The 64-cm-wide focal plane corresponds to a 3.5-degree field of view, which means the camera can capture more than 40 times the area of the full moon in the sky with each exposure.

Filter changer

The camera also contains a carousel that holds five on-board filters. Each of the filters can be individually swapped out in under two minutes and up to four times a night with the double-rail auto changer. The system also integrates with a manual load-lock changer to allow for a swap-out of a sixth filter.

The optimized wavelength range for the LSST Camera is 320–1050 nm (near ultraviolet to near infrared). This range is divided into six spectral bands labeled u-g-r-i-z-y, each associated with one of the filters. For example, an infrared, or “i” filter might be used to observe sources obscured by dust, since infrared wavelengths can pass through the dust.

LSST camera filters

Rubin Observatory stats

Fun facts & key numbers

The concept behind the Rubin Observatory Project is remarkably simple: conduct a deep survey over an enormous area of sky; do it with a frequency that enables images of every part of the visible sky to be obtained every few nights; and continue in this mode for 10 years to achieve astronomical catalogs thousands of times larger than ever previously compiled – the first time a telescope will catalog more galaxies than there are people on Earth.

27

Foot primary mirror

3.2

Gigapixel detector

15

Terabytes of data per night

 

37

Billion stars & galaxies

10

Year survey of the sky

 
Vera Rubin Observatory telescope on a mountaintop

Rubin Observatory news from SLAC

News Feature

The largest camera ever built for astrophysics has completed the journey to Cerro Pachón in Chile, where it will soon help unlock the Universe’s...

A semi truck traveling a gravel road approaches two large telescope facilities.
News Feature

The first reflective coating was applied to Vera C. Rubin Observatory’s 8.4-meter combined primary/tertiary mirror using the observatory’s onsite coating chamber.

A large mirror reflects equipment in the background.
News Feature

Vera C. Rubin Observatory’s stunningly detailed images will illuminate distant stellar streams and their past encounters with dark matter.

An illustration of streams of stars flowing around a spiral galaxy.
News Feature

The largest camera ever built for astrophysics has completed the journey to Cerro Pachón in Chile, where it will soon help unlock the Universe’s...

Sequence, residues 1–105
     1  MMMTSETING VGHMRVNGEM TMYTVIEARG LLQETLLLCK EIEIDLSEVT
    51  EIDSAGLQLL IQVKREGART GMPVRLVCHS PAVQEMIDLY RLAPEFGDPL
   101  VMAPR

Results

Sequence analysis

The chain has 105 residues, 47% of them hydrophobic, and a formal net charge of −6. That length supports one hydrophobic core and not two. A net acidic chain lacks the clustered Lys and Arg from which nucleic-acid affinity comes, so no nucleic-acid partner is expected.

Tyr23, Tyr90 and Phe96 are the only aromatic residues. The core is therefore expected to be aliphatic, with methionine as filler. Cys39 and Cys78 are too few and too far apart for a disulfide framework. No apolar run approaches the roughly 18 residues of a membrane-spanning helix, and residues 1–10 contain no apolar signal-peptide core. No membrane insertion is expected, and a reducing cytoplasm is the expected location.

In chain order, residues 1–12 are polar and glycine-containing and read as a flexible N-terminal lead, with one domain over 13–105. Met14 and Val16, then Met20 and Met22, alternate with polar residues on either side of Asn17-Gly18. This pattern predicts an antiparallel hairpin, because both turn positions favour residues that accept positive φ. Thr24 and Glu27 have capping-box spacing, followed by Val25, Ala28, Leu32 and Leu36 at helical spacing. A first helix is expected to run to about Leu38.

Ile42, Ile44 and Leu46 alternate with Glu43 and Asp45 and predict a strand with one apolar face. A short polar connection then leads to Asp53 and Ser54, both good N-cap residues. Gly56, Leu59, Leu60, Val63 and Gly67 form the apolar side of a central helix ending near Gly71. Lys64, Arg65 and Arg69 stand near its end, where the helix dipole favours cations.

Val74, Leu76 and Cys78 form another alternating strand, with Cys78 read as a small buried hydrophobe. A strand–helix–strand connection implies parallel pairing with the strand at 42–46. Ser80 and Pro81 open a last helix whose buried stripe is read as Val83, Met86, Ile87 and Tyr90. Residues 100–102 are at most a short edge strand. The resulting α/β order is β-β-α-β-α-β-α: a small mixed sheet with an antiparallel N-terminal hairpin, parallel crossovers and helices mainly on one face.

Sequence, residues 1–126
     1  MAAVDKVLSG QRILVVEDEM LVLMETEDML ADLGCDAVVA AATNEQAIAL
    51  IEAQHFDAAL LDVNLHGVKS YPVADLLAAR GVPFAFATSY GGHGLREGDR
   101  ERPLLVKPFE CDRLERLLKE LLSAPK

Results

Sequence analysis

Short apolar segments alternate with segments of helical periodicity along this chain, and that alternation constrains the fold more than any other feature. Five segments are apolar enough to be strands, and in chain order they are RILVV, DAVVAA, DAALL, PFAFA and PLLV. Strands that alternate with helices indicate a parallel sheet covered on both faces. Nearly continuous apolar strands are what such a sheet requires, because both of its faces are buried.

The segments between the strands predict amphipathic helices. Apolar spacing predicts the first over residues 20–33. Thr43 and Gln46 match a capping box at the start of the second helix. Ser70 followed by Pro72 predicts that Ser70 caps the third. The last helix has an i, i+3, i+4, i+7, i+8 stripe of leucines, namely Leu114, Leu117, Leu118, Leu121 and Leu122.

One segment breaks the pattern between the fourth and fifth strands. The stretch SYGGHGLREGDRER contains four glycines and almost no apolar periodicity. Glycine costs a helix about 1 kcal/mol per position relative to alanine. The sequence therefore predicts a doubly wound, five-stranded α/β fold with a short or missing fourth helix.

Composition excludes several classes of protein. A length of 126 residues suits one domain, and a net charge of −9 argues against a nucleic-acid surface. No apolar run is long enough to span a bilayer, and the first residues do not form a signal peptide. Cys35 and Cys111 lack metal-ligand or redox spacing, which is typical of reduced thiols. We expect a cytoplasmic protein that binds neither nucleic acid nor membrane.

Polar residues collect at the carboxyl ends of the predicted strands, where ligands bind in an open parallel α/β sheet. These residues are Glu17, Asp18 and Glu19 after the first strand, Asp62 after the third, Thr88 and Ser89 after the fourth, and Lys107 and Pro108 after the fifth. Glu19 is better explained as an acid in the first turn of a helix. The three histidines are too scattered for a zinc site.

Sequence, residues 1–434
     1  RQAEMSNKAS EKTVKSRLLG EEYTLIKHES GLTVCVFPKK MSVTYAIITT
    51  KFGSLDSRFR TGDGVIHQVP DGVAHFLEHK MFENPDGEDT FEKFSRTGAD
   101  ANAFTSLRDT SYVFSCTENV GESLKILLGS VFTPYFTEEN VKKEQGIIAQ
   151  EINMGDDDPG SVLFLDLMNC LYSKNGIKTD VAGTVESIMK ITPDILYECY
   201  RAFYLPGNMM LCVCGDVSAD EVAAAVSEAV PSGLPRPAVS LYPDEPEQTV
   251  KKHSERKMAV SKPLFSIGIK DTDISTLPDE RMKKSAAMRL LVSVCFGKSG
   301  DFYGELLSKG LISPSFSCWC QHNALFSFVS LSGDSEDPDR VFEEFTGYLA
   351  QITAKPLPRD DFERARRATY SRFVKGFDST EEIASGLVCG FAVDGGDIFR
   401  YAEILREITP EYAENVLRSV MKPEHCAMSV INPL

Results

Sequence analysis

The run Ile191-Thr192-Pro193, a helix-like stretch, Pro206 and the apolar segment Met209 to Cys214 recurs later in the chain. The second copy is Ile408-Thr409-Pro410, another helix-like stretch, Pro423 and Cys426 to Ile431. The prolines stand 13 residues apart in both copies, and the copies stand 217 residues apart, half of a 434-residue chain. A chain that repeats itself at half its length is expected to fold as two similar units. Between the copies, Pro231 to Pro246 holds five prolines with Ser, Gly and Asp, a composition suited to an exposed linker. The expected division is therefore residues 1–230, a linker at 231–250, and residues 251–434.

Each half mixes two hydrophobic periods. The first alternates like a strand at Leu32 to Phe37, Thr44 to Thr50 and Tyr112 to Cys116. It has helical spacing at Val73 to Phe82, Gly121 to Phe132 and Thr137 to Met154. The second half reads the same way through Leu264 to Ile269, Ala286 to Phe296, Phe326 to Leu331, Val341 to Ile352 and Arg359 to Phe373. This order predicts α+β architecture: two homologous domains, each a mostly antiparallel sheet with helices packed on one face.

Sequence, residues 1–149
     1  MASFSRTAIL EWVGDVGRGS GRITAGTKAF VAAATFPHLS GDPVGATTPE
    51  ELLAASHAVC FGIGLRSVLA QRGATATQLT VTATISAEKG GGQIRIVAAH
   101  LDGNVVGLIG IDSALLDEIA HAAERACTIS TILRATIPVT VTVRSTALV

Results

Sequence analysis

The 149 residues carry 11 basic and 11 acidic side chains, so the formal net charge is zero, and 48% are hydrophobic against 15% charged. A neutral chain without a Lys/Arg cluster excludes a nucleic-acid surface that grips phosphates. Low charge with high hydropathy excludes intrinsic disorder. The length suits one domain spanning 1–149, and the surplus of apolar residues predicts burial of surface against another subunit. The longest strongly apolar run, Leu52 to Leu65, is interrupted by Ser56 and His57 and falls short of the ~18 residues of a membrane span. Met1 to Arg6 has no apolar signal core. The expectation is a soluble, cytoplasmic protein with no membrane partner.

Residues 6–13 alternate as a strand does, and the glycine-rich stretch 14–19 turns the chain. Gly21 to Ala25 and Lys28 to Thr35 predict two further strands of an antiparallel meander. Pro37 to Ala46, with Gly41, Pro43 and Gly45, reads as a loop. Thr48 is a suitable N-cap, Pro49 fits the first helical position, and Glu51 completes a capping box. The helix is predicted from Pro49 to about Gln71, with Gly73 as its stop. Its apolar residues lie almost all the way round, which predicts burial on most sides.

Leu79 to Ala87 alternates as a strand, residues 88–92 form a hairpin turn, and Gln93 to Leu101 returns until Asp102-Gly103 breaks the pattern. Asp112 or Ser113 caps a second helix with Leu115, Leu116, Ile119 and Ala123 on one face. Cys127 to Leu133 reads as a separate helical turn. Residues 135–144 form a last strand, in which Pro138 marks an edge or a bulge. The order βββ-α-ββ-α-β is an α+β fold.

A semi truck traveling a gravel road approaches two large telescope facilities.
News Feature

The first reflective coating was applied to Vera C. Rubin Observatory’s 8.4-meter combined primary/tertiary mirror using the observatory’s onsite coating chamber.

A large mirror reflects equipment in the background.
News Feature

Vera C. Rubin Observatory’s stunningly detailed images will illuminate distant stellar streams and their past encounters with dark matter.

An illustration of streams of stars flowing around a spiral galaxy.
Press Release

Once set in place atop a telescope in Chile, the 3,200-megapixel LSST Camera will help researchers better understand dark matter, dark energy and other...

Researchers examine the LSST Camera
News Feature

Vera C. Rubin Observatory’s detailed, big-picture view of our Solar System and ability to quickly detect and track moving objects will provide a gold...

A ring of yellow dots representing surrounds the earth, which projects a green beam onto the dots.
News Feature

The latest results put the strongest constraints on the expansion of the universe ever obtained with DES supernova data.

Blanco Telescope

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Funding & collaboration

Vera C. Rubin Observatory is a federal project jointly funded by the National Science Foundation (NSF) and the Department of Energy (DOE) Office of Science, with early construction funding received from private donations through the LSST Corporation. The NSF-funded LSST (now Rubin Observatory) Project Office for construction was established as an operating center under management of the Association of Universities for Research in Astronomy (AURA). The DOE-funded effort to build the Rubin Observatory LSST Camera (LSSTCam) is managed by SLAC National Accelerator Laboratory (SLAC).

 
  • National Science Foundation (NSF)
  • SLAC National Accelerator Laboratory
  • Department of Energy (DOE) Office of Science
  • Association of Universities for Research in Astronomy (AURA)
  • Charles and Lisa Simonyi Fund for Arts and Sciences
  • LSST Corporation